The impacts of shrimp farming on land-use and carbon storage around Puttalam lagoon, Sri Lanka

The impacts of shrimp farming on land-use and carbon storage around Puttalam lagoon, Sri Lanka 1 Introduction</h5> Although shrimp production in coastal pond systems is a traditional practice in Asia ( Dierberg and Kiattisimkul, 1996; Bergquist, 2007 ), recent decades have seen a huge increase in the extent and intensity of shrimp aquaculture activities, driven by consumer demand from Japan, North America and Europe ( Primavera, 1997; Thornton et al., 2003; Bergquist, 2007; Bosma and Verdegem, 2011 ). Sri Lankan shrimp farming became one of the fastest growing industries in the 1980s, most likely inspired by the profits seen in established shrimp farming practices in countries such as Thailand, Ecuador, Indonesia, China and Vietnam ( Cattermoul and Devendra, 2002; Munasinghe et al., 2010 ).</P>Sri Lanka has 1700 km of coastline comprising lagoons and sheltered bays that are prime sites for aquaculture development ( Dayananda, 2004; Drengstig, 2013 ). Shrimp farming started in the north western coast of the country, with pioneer farms established around Chilaw Lake ( Fig. 1 ; Senarath and Visvanathan, 2001 ), which were followed by rapid expansion particularly concentrated along the coast from Chilaw to Puttalam lagoon in the north western province (NWP) ( Dahdouh-Guebas et al., 2001; Munasinghe et al., 2010 ).</P>The major shrimp species cultured in Sri http://www.deepdyve.com/assets/images/DeepDyve-Logo-lg.png Ocean & Coastal Management Elsevier

The impacts of shrimp farming on land-use and carbon storage around Puttalam lagoon, Sri Lanka

Loading next page...
 
/lp/elsevier/the-impacts-of-shrimp-farming-on-land-use-and-carbon-storage-around-U4Mjtnpkyh
Publisher site
See Article on Publisher Site

Abstract

1 Introduction</h5> Although shrimp production in coastal pond systems is a traditional practice in Asia ( Dierberg and Kiattisimkul, 1996; Bergquist, 2007 ), recent decades have seen a huge increase in the extent and intensity of shrimp aquaculture activities, driven by consumer demand from Japan, North America and Europe ( Primavera, 1997; Thornton et al., 2003; Bergquist, 2007; Bosma and Verdegem, 2011 ). Sri Lankan shrimp farming became one of the fastest growing industries in the 1980s, most likely inspired by the profits seen in established shrimp farming practices in countries such as Thailand, Ecuador, Indonesia, China and Vietnam ( Cattermoul and Devendra, 2002; Munasinghe et al., 2010 ).</P>Sri Lanka has 1700 km of coastline comprising lagoons and sheltered bays that are prime sites for aquaculture development ( Dayananda, 2004; Drengstig, 2013 ). Shrimp farming started in the north western coast of the country, with pioneer farms established around Chilaw Lake ( Fig. 1 ; Senarath and Visvanathan, 2001 ), which were followed by rapid expansion particularly concentrated along the coast from Chilaw to Puttalam lagoon in the north western province (NWP) ( Dahdouh-Guebas et al., 2001; Munasinghe et al., 2010 ).</P>The major shrimp species cultured in Sri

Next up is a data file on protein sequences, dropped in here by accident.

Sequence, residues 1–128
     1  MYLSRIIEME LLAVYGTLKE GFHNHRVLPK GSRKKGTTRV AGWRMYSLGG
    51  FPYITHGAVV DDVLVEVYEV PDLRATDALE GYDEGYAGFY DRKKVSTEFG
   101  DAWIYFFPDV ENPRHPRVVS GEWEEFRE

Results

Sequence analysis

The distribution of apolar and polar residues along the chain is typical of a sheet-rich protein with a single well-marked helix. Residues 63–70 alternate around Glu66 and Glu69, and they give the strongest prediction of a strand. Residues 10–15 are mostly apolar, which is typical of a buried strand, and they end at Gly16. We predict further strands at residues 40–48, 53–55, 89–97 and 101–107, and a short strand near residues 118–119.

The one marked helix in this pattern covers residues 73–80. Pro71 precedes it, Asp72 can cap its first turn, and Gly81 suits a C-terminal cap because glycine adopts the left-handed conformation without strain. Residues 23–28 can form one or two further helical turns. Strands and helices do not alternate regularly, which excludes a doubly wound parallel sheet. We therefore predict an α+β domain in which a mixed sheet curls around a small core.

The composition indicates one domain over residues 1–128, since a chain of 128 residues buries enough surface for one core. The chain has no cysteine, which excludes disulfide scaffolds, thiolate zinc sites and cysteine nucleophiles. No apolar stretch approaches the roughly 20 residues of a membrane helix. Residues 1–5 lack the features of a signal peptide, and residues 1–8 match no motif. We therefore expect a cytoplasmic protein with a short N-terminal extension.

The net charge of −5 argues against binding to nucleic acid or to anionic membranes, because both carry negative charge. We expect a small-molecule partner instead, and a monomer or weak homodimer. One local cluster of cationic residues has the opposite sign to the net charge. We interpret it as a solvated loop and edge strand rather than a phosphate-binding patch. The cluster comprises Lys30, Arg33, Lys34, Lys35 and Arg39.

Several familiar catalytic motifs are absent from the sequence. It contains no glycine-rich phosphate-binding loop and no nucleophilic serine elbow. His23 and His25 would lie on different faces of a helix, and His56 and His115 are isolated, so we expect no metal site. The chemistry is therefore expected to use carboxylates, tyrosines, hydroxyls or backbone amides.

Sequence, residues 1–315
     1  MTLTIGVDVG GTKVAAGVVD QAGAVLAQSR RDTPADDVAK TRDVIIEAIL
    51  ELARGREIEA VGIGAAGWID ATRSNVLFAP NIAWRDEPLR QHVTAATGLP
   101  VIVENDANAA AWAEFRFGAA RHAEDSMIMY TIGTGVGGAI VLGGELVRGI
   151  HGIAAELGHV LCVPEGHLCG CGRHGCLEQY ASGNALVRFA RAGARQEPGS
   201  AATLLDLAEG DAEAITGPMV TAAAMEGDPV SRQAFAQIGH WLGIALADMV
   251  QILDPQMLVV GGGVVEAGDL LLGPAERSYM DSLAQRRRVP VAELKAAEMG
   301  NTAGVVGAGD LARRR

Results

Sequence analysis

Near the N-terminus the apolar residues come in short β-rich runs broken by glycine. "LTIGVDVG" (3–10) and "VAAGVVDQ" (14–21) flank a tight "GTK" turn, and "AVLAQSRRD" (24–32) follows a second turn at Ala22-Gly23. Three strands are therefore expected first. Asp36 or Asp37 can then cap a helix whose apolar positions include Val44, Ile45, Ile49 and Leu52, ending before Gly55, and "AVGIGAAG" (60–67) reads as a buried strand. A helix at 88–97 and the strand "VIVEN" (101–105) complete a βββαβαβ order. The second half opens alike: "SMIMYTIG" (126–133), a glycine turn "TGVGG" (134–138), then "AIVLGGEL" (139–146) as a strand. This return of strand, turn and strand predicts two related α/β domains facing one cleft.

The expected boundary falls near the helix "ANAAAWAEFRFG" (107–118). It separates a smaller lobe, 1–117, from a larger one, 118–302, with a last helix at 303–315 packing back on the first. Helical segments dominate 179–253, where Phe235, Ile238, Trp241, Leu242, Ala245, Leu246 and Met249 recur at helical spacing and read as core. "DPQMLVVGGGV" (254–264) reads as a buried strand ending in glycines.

Journal

Ocean & Coastal ManagementElsevier

Published: Aug 1, 2015

References

You’re reading a free preview. Subscribe to read the entire article.


DeepDyve is your
personal research library

It’s your single place to instantly
discover and read the research
that matters to you.

Enjoy affordable access to
over 18 million articles from more than
15,000 peer-reviewed journals.

All for just $49/month

Explore the DeepDyve Library

Search

Query the DeepDyve database, plus search all of PubMed and Google Scholar seamlessly

Organize

Save any article or search result from DeepDyve, PubMed, and Google Scholar... all in one place.

Access

Get unlimited, online access to over 18 million full-text articles from more than 15,000 scientific journals.

Your journals are on DeepDyve

Read from thousands of the leading scholarly journals from SpringerNature, Elsevier, Wiley-Blackwell, Oxford University Press and more.

All the latest content is available, no embargo periods.

See the journals in your area

DeepDyve

Freelancer

DeepDyve

Pro

Price

FREE

$49/month
$360/year

Save searches from
Google Scholar,
PubMed

Create folders to
organize your research

Export folders, citations

Read DeepDyve articles

Abstract access only

Unlimited access to over
18 million full-text articles

Print

20 pages / month

PDF Discount

20% off